I live at No 17 in Gray's Buildings : upon Michaelmas-day, between three and four in the afternoon, I lost these things mentioned in the indictment; they were locked up in a trunk; they were stolen while I went to dine with a friend; the prisoner lodged with me; when I went out between twelve and one I left her in the house; when I came home again I found she had locked the door and left the key at a neighbour's house in case I should want it; when I went in I found the trunk broke open; I never saw her again till I saw her at Sir John Fielding 's; she had lodged with me about eleven days.

What was the value of what you lost? - About three pounds; the most valuable of the things I have not recovered.


I am a constable: I found these things in Northamptonshire upon Thursday the 12th of October, upon the pillow of one of the beds in the prisoner's mother's house; she lodged there; upon her being taken up her mother gave up the rest of the things.

[The things were produced in Court, and deposed to by the prosecutor.]


That is all that I ever saw or had; she had more lodgers besides me.

GUILTY of stealing to the value of thirty-nine shillings .

Tried by the First Middlesex Jury, before Mr. Baron HOTHAM .

[Branding. See summary.]

[Imprisonment. See summary.]

4th December 1776
Reference Numbert17761204-16
VerdictNot Guilty

Related Material

16. THOMAS JONES was indicted for stealing a table clock in a mahogany case, value five pounds, the property of Thomas Bramble , in his dwelling-house , Nov. 21st .

'The prisoner was seen with the clock the

'morning after it was lost by one of Sir John

'Fielding's men, who watched him into a shoemaker's

'shop where he set it down, on which

'he was secured. The prisoner said, that he

'had kept a broker's shop; that he received the

'clock from a young man in a public-house,

'and was going to enquire the value of it; and

'he called five witnesses, who gave him a good



Tried by the First Middlesex Jury before Mr. Baron HOTHAM .

4th December 1776
Reference Numbert17761204-17
VerdictNot Guilty

Related Material

17. WILLIAM ROBINSON and JAMES DOYLE were indicted for stealing three live hens, value three shillings , the property of John Turner , Oct. 21st .

'It appeared upon the evidence that the hens

'were found dead upon the stall, and the prisoners

'were present.'


Tried by the First Middlesex Jury before Mr. Baron HOTHAM .

4th December 1776
Reference Numbert17761204-18
VerdictNot Guilty

Related Material

18. ABRAHAM HANDREQUAS and JOHN STEWARD were indicted for stealing 180 yards of callimanco, value forty shillings , the property of Henry Freeman and Thomas Hewitt , Nov. 28th .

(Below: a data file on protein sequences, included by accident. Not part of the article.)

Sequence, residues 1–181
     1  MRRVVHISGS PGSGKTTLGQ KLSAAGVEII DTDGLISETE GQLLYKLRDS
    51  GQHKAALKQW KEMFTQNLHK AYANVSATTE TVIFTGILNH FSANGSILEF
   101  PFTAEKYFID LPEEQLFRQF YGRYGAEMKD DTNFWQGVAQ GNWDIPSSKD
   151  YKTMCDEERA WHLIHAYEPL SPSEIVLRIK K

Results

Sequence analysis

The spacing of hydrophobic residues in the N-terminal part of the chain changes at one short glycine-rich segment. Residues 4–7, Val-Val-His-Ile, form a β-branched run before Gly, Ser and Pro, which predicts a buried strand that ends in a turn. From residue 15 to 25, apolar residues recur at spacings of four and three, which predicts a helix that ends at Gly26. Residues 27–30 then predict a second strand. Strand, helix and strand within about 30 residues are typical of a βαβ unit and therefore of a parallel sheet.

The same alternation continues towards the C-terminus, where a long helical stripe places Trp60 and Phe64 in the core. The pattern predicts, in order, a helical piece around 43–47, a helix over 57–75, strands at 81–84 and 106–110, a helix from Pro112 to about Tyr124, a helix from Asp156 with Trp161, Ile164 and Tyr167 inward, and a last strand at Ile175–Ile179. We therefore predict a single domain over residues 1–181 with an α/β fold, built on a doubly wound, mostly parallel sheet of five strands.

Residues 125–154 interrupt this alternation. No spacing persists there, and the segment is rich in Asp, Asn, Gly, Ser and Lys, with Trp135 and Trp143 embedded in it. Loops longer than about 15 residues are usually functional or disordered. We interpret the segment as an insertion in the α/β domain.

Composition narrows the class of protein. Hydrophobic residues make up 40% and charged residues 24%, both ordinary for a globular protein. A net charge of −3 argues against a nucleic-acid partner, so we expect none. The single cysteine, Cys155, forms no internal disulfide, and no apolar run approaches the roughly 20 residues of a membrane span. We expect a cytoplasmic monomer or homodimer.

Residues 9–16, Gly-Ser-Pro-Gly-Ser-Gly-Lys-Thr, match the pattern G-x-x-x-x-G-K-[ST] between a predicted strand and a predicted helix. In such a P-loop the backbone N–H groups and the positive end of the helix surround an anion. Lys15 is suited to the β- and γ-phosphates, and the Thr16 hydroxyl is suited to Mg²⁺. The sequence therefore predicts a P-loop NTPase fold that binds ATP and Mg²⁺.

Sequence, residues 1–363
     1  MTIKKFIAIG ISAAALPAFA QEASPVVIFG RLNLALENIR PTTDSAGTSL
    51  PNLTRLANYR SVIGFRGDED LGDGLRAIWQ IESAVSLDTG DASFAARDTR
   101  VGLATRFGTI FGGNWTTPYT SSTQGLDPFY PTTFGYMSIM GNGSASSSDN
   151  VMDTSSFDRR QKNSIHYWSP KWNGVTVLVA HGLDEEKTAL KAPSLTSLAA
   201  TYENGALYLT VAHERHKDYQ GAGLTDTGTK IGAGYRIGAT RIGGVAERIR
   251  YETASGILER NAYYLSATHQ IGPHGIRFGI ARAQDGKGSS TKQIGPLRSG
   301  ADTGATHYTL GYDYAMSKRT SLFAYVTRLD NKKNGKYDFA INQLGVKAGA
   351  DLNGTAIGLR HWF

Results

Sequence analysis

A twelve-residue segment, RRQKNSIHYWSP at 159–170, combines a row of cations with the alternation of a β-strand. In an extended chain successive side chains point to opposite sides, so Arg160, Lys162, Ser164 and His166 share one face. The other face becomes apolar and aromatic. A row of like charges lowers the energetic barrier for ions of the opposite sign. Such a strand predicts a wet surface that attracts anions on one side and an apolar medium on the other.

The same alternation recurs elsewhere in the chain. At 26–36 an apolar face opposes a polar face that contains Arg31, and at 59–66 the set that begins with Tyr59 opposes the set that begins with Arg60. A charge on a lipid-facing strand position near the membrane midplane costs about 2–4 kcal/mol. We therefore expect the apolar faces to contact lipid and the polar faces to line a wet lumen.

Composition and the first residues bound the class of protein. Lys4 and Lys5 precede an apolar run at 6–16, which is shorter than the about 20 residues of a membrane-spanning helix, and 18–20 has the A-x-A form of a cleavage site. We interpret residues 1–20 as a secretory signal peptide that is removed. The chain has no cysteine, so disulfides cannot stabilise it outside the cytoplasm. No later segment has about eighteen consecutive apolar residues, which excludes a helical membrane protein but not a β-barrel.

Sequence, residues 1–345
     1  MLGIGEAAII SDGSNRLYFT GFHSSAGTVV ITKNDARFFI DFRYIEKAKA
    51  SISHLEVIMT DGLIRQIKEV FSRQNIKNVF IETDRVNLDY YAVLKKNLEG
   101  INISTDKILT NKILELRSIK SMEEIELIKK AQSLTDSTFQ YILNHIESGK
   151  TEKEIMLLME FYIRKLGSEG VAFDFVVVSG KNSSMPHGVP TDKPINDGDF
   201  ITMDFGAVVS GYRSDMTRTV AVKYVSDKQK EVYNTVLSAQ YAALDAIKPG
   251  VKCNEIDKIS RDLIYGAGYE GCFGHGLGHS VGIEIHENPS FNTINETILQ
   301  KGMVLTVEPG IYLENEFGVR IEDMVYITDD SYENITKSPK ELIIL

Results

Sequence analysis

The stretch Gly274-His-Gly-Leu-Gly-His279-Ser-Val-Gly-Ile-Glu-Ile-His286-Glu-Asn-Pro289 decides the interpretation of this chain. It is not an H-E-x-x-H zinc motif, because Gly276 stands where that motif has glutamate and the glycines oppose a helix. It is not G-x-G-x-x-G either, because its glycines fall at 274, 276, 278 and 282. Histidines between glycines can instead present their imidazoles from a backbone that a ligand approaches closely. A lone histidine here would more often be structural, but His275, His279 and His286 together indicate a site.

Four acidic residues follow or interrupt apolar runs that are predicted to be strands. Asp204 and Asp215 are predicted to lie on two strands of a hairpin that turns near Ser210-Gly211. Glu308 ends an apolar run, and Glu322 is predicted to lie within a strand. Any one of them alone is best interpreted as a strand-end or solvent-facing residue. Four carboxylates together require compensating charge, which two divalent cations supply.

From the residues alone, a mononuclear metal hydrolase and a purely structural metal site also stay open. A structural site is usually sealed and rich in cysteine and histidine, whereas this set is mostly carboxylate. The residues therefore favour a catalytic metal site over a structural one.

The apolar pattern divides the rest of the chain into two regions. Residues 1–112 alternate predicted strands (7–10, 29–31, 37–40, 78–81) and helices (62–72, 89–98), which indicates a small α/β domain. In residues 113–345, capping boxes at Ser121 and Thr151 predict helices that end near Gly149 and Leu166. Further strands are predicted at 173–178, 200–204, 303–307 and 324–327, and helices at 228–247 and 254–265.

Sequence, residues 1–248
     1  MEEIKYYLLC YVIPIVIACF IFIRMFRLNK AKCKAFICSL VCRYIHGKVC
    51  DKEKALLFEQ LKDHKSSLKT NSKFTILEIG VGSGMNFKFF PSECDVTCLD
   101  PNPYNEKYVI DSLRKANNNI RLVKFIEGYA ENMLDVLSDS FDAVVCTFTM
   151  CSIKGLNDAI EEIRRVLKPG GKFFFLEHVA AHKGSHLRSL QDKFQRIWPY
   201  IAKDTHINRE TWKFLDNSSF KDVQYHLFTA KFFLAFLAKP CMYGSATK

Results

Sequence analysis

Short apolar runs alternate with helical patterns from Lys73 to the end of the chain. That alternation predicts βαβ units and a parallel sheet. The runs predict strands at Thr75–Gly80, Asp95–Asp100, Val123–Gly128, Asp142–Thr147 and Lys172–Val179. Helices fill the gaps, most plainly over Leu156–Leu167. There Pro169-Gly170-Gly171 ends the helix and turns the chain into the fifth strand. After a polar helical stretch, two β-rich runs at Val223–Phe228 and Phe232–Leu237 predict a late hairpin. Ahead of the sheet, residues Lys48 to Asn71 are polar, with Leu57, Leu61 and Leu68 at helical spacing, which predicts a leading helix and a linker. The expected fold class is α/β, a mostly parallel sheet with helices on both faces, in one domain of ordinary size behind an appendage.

I am in partnership with Mr. Hewitt; I delivered to my whitener a quantity of callimanco upon the 28th of November, about four in the afternoon.


I am in the service of the prosecutors; it is my business to deliver out the callimancoes; it was to be delivered to Mr. Bufoys to whiten, and from Mr. Bufoys I was to bring it back again; I had a great quantity of callimanco in my cart; about eight or nine o'clock in the morning the callimanco mentioned in the indictment was in the cart; when I came to Mr. Bufoys I missed it; where I lost it I don't know.


I was informed that I might meet with a person who had made his escape out of our custody at a place called the Hill in Petticoat-lane; I went to search a house for that person; I saw a person come out of a house about three doors off that I well knew; my curiosity led me to go to that house; I thought perhaps the person I was in pursuit of might be there; I went up stairs and saw the two prisoners; this callimanco was in a linen bag in the possession of Steward; it was given to him by Handrequas; Steward seeing me dropped the bag and run up the second pair of stairs; I immediately secured them both and the callimanco; I marked all the pieces (producing them).

Mr. FREEMAN. When I delivered them out there was a red seal upon them, but there is a private mark of my own upon each piece (looks at them); they are my property.

DIGNAM. I saw the prisoners first on the landing-place of the one-pair of stairs; the door of the one-pair of stairs was open, and there was a candle on a table opposite, by which I could see them very plain; Handrequas gave the bag to Steward, and I saw Steward drop it.


I was coming from work about seven in the evening and I met George Steward ; I asked him to go home with me to supper; when we had been in a little while we heard a violent noise below; we thought it was a press-gang; we ran up stairs; the shoemaker who lives in the two-pair of stairs thought there was a press-gang and would not let us in, and Dignam came up and handcuffed us; I never saw the things till I saw them at Justice Wilmot's office.


We hearing a noise ran up stairs thinking it was a press-gang; the goods were found in a long dark entry; I know nothing of them.

'Steward called six witnesses who gave him

'a good character.'

'Handrequas called one witness